How does my garden grow?

#514 in a series of true experiences in real estate
June 2006, Hills Newspapers

My garden at home extends on an up slope above my house and concrete patio. When I first saw the house about 15 years ago, the slope was so covered with trees and ivy that I had no idea how far the land went. All I could see was dense greenery.

The house at that time was Anet’s house and it was about to be for sale. I was wondering aloud if it might make sense for my then-husband and me to buy it. But I am a gardener and as I tried to see around and through the thicket, I wondered aloud, “Could I live without a garden?”

Anet was standing there with me, both of us facing up the hill. “You can have a garden here,” she said. “I’ll show you.” She led me to a spot at the back of the patio where it was possible to climb up a tall step and squiggle through the lot. I ducked and stepped carefully and could see a good sized piece of land that was almost entirely covered over with bay trees and acacias, junk trees that had landed there, probably by bird. And ivy, big ivy, the kind of ivy that has long root hairs hanging off the trunks, the sort of ivy that looks prehistoric.

There was an apple tree, light-starved, gnarly-skinned, white-fly infested. And an orange tree thick with branches and also oranges. That was about all I could see that first time. We bought the house and first thing, we hired a tree guy to cut down a great many too-skinny, too-tall, too-sick, too-close-together, or simply unappealing trees.

And we hired a boy who spent many days, maybe even weeks, hacking and pulling out ivy, so much ivy that it is hard to say how much. Underneath the ivy he found many beautiful rocks, some cemented into waterways and little ponds, or at least they would have been if there had been water there, but there wasn’t then.

We moved many rocks (the loose ones, ones that had not been concreted) and used them to form walls, and we smoothed out areas for paths. At the same time, we were also working on the house and as part of that job, we removed four-inch-thick concrete chunks from a porch. Those were carried to the top garden terrace and stacked (leaning back so they wouldn’t fall or wash forward) as a wall. That top garden bed became my rose area.

We hired a genius carpenter to build redwood steps for access into the garden. The steps begin at the concrete patio. We put a layer of golden granite under the redwood so it would last longer. Rebar was used in spots to keep the steps from shifting.

The first rise connects with a short graveled landing, then there is another rise of steps – different sizes and shapes to conform to the hill – then a landing and a turn. More steps, and so forth; next batch turns to the left, then 4 or 5 wider steps, again to the left to the top of the hill.

All the paths are gravel. All the lumber for steps is two-by-eights, which means that they are a little less than 2 inches thick and not quite 8 inches deep. Most steps are around 4 feet wide but a few are about 7 feet wide.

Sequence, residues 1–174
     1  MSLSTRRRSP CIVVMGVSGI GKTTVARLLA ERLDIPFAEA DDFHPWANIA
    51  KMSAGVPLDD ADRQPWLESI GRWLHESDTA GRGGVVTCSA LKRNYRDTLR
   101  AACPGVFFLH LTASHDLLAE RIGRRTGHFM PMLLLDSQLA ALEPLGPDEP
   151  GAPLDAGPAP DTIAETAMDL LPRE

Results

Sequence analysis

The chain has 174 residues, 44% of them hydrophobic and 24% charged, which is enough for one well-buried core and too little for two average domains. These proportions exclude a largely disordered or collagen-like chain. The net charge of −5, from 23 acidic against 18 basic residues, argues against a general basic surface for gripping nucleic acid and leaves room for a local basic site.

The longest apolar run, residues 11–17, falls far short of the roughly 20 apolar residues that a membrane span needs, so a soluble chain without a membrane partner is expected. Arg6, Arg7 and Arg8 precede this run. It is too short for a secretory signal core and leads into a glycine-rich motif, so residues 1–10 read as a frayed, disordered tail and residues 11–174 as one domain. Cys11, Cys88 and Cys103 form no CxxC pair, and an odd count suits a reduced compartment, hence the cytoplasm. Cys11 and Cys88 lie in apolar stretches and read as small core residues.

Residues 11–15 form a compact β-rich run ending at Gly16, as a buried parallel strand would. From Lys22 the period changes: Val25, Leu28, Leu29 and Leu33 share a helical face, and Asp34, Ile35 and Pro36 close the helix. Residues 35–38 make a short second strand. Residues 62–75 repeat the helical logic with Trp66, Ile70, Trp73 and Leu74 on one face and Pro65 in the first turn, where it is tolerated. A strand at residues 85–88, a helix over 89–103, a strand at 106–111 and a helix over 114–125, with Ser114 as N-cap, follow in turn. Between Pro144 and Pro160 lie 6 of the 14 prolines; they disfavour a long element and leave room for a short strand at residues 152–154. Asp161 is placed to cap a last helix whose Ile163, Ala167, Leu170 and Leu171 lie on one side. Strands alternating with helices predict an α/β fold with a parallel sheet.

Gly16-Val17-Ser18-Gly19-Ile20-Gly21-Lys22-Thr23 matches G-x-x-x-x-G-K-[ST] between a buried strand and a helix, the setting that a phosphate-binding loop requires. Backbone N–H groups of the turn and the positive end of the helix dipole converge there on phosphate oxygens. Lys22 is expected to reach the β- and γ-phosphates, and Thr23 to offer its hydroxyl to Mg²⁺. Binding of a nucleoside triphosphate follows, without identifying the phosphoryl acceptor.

They have weathered to a soft brown-gray and are very beautiful. I am careful with them. I do not drag anything down them because redwood is soft and I love their surfaces to be even. There are some places where the wood has rotted, mostly side pieces that stay in contact with the dirt all the time.

One of the trees that was in the garden – at the very top — was a huge, double-trunk acacia. At the tips it was almost 200 feet tall. We hired a man to take it down. He did, and in the process, what garden we had managed to plant was covered in sawdust and was damaged by chunks of tree trunk dropped from on-high. But the steps were not hurt.

The tree man left the bottom of the trunk, maybe six feet high. He said he couldn’t cut it lower. So for all these years, the trunk has stood there, bare and ugly, and I’ve gardened around it. Until this year. I asked my good tree people (I have planted several trees in the garden that I keep smallish by yearly pruning) if the trunk could be removed. I wanted it cut down and the root ground out so that I could plant something in that spot. I wanted it to look like that acacia had not ever been there.

Yes, it could be done. Subcontractor. $800.

Subcontractor came and sawed and sawed resulting in enormous and heavy chunks of tree trunk. Mounds of red sawdust. Two men brought their grinder and chewed away for hours at the lower trunk and roots.

One of them rolled trunk chunks down the wooden stairs, down the side of the house, down to his truck. Anet and I came home to find a guy with earplugs grinding away, another guy taking a rest, and the front edges of many of my precious wooden steps hurt.

Where the chunks hit the steps, at each spot of impact, there is damage. Scrapes, gouges, splinters. Mostly, it’s the front edges where the steps show dents and broken fibers.

Broke my heart. I looked at those steps and just stopped dead; couldn’t talk, didn’t know what to do. Anet was there. She saw and she knew, and she could see that there were still many large pieces of trunk at the top of the garden, chunks that no doubt the men planned to roll down the steps.

She told them no. She said they’d have to think of some other way to get the chunks out of the yard. And what could be done about the damage? She did ask but we both already knew the answer. The men hadn’t even noticed there was a problem.

Believe it or not, they returned the next day while we were away at work, and they rolled the rest of the logs down the steps so that things were made even worse. This all happened a few weeks ago and I’ve been going into the garden everyday since trying to make myself believe that over time I won’t even notice the wrecked up stairs.

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